By Aparna Pallavi
Each word touched my hurting heart like a tender dewdrop. My whole being ached with the desire to see the writer of these beautiful words—to see the radiant smile on the back cover of his book, Teachings on Love. It was the middle of the night. Unable to remain in bed, I got up, turned on my computer and opened the Plum Village website. And it hit my chest like a hammer, knocking my breath out entirely. Thich Nhat Hanh was coming to India! And to Nagpur, the city of my residence! Had ever a human wish been fulfilled so dramatically!
On October 9, 2008, in the huge marquee at Nagaloka Buddha Vihar, something beautiful happened even before I saw Thay. Sister Chan Khong, leading a team of monastics, was approaching the marquee. My daughter, then barely eleven, cried, “Mom, look what that beautiful grandma is doing!”
Through some misunderstanding, the women posted at the entrance to perform traditional Indian welcome rituals were trying to put flowers on the old lady’s feet instead of scattering them in her path, as is customary. It was a clumsy gesture, but the tiny old woman magically transformed it by bending down to receive the flowers in her hands and putting them on her head in a spontaneous, childlike gesture of joy and gratitude. I’d never seen a simple gesture radiate so much visible, felt beauty before.
When Thay appeared, I found myself leaving my seat and following him to the dais, pulled like a child to an ice cream cart. I stood within feet of Thay, my elbows on the dais, hoping the camera in my hand would help me look less foolish to the sedate audience.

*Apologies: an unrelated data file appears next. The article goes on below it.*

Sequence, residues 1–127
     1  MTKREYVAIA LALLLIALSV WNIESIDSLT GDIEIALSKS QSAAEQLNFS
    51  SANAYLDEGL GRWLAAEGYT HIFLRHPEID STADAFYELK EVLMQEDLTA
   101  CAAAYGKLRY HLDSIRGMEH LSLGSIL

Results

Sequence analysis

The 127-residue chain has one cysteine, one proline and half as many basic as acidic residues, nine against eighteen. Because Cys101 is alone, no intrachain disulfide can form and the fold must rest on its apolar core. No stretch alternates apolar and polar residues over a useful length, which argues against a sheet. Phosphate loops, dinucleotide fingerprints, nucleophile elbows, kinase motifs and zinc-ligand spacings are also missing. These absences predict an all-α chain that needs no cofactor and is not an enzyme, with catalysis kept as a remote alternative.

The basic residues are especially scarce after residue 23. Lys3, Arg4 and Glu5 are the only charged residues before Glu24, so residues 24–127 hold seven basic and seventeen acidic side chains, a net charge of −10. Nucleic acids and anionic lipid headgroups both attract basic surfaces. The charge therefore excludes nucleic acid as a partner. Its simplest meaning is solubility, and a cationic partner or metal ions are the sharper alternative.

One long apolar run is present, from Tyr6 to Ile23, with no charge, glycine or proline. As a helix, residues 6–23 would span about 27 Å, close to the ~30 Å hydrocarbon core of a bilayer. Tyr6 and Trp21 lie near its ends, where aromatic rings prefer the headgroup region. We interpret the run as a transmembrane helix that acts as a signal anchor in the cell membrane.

A serene song of piercing loveliness, which I’d never heard before, started playing in my heart the moment I saw Thay. But coiled with it was a terrible, aching sense that this would be over, and soon. My practiced hands were feverishly snapping pictures. A part of me was madly determined to capture this moment for eternity. But the song was still strong, and when the monastics started chanting sutras, the melodies blended effortlessly.
For a long moment during the chanting, Thay very deliberately turned his gaze full on me, where I stood. My heart leapt, but at the same moment my hands, as if on cue, rose and poked the old camera at him. And just then, the camera folded up right under his gaze, its batteries exhausted. I was torn between intense ecstasy and intense anxiety, and now, in addition, an urgent sense of utter stupidity. Camera gone, there was nothing to do but to gather the blessing of that gaze, which miraculously stayed on me for another long moment, looking into my fragile human eyes, so inadequate to the task.
Then the disappointments began. When Thay spoke, I recognized the words from the books I had read. During the two-day workshop, I could hardly see or hear Thay through a throng of more than a thousand people. His translator, whom I knew, laughed at my request for a five-minute talk with Thay. On the last day, I cried in the bus back home.
I rationalised that it was stupid and sentimental to have hankered for a flesh-and-blood encounter with someone as busy as Thay, like a teenager for a movie star. It’s stupid to go to a guru at all. The truth is all in the books, so why bother? But a tender, trusting part of me was deeply ashamed and confused. Had my yearning been sentimental and stupid? What intangible quality had I been looking for in Thay’s presence? What had caused this tangible feeling of let-down that was eating away at me?